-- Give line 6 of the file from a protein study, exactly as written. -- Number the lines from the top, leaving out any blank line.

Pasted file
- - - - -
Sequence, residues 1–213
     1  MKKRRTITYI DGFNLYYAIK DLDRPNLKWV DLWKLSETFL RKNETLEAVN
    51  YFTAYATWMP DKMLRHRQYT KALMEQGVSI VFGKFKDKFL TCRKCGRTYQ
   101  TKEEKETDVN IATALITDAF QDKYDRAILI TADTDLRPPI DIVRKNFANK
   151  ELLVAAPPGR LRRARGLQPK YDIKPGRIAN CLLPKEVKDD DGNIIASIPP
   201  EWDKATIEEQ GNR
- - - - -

   201  EWDKATIEEQ GNR